Futures Hold Lower After Spending News

Stock index futures pointed to a weaker open for Wall Street Friday as investors remained skeptical over the euro zone debt deal reached on Wednesday and its ability to contain the crisis that has swept across the region.

Futures held at negative levels following economic reports showing that personal income grew just 0.1 percent in September but consumers increased spending by 0.6 percent, a seemingly unsustainable trend that calls into question whether the 2.5 percent growth in the third quarter was an aberration.

In earnings news, Dow component Chevron, the second-largest U.S. oil company, is expected to show a sharp increase in profit on Friday boosted by a $500 million gain on the sale of its Welsh refinery and British and Irish marketing assets.

Profit is expected to jump to $3.46 per share from $1.87 per share, according to Thomson Reuters.

Fellow Dow component Merck reported earnings of 94 cents a share, better than consensus estimates by three cents and good enough to send shares up 1.4 percent in premarket trading.

Strategists, though, worried that market enthusiasm has become overdone and stocks are due for a pullback, if only a temporary consolidation.

The market "is currently at overbought levels that are seen once a decade, much less once a year, and it’s due for at least a pause at current levels," analysts at Bespoke Investment Group wrote in a note to clients, adding that "we can continue higher and get back to new bull market highs in the coming months, but at least in the short-term we’re due for a pullback."

The Standard & Poor's 500 currently has 94 percent of its stocks trading above their 50-day moving averages, including all 81 financial stocks.

However, portfolio manager risk aversion over the past three months of market turmoil could put a floor on any stock market drop.

"Now everyone everywhere is under-exposed to risk and to equities and is scrambling to get aboard," Dennis Gartman, hedge fund manager and author of The Gartman Letter, wrote this morning. "The size of the under-exposure is enormous, and although we cannot quantify that under-exposure we know it is there."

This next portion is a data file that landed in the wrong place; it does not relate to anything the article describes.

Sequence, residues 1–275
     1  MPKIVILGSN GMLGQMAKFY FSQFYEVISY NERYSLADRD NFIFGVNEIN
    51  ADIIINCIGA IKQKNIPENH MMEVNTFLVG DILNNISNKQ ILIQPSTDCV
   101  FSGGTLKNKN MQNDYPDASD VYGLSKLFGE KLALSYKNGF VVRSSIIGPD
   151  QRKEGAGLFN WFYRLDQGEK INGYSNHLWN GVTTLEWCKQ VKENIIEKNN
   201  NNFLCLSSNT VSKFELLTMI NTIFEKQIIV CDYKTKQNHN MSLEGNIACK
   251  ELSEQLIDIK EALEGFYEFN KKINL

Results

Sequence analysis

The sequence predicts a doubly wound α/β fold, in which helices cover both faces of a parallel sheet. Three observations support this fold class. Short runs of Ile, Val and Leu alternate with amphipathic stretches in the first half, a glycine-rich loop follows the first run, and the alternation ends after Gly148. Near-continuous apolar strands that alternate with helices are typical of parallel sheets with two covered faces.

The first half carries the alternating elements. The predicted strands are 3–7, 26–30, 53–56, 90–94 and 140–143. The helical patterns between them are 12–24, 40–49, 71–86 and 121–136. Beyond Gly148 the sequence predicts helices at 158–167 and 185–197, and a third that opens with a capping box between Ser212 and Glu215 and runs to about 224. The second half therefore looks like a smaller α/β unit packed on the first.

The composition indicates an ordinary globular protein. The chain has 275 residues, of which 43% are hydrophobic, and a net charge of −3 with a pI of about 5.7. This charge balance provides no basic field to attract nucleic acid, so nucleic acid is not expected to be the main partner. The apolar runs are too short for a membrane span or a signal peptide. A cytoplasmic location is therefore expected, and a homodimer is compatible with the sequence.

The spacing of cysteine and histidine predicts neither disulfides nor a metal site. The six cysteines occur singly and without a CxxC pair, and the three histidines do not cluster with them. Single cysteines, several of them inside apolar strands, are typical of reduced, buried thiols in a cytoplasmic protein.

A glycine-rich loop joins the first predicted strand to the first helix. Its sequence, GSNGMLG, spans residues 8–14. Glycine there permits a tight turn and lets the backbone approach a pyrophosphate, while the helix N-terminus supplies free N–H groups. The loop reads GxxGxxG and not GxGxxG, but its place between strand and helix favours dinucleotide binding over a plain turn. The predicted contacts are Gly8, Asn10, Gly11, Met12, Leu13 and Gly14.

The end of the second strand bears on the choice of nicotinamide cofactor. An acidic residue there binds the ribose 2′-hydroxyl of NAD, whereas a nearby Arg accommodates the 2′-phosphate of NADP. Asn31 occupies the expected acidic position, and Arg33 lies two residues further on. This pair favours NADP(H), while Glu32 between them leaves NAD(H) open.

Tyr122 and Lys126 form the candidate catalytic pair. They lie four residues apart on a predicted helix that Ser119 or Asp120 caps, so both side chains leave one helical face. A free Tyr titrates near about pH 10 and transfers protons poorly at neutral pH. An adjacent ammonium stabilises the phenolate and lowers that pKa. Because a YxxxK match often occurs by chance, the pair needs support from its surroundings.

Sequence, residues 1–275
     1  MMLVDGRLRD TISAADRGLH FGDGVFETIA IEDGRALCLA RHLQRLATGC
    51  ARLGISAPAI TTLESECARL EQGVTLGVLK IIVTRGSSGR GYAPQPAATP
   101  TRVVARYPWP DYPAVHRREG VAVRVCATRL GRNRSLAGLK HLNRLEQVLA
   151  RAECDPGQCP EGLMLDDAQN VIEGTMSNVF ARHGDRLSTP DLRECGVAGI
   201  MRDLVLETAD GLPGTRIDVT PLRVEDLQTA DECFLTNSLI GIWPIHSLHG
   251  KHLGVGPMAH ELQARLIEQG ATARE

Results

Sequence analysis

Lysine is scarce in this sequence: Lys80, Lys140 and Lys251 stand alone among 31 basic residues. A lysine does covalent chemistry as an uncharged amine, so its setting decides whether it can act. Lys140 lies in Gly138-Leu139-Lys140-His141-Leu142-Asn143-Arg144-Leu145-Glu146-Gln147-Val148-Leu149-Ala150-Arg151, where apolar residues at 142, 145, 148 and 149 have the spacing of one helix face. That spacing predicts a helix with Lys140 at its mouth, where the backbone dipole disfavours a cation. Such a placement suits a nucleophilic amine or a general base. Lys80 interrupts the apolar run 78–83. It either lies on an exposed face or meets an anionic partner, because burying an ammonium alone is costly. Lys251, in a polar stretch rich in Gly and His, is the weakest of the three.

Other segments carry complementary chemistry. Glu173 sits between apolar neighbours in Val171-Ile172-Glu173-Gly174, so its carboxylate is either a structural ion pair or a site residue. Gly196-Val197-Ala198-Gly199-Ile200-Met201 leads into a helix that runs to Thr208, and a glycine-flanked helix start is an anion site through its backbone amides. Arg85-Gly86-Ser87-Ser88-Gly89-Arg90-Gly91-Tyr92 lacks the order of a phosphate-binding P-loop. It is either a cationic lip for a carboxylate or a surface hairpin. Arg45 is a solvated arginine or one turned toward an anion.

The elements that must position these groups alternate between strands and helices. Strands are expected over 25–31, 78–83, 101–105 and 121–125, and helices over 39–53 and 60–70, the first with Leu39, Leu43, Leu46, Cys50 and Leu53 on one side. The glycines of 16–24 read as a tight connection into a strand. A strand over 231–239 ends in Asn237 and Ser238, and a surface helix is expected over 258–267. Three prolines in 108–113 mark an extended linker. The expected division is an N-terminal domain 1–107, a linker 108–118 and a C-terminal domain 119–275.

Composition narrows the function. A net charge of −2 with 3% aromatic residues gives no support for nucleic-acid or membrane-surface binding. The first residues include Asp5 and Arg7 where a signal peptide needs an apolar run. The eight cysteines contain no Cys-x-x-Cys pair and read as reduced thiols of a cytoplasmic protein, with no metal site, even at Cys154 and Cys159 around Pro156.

Enthusiasm for the European Union debt deal, which pushed the market up 3 percent in Thursday trading, also seemed to wane a bit. Fresh reminders that difficult times are ahead came in the form of an Italian bond auction that produced a yield of 6.06 percent for 10-year debt, the highest ever since Italy joined the European Union.

In other corporate news, HP dropped plans to spin off its PC unit and Samsung has overtaken Apple in terms of smartphone sales and expects the fourth quarter to be even stronger.

Troubles continued to add up for MF Global , with a Moody's downgrade the latest issue to confront the battered brokerage run by former New Jersey Gov. Jon Corzine. Shares tumbled more than 26 percent in premarket trading after falling nearly 16 percent Thursday.

Elsewhere, gold prices moderated a bit after rising more than $100 an ounce in the past month. Bond prices edged higher, with the benchmark 10-year Treasury note yield edging lower to 2.38 percent, while the US dollar was up 0.25 against the world's currencies.

Economic reports due on Friday include September personal income and spending at 8.30 am New York time.

The Labor Department issues the Employment Cost Index for the third quarter at 8.30 am and the final report on October consumer sentiment is out at 9.55 am.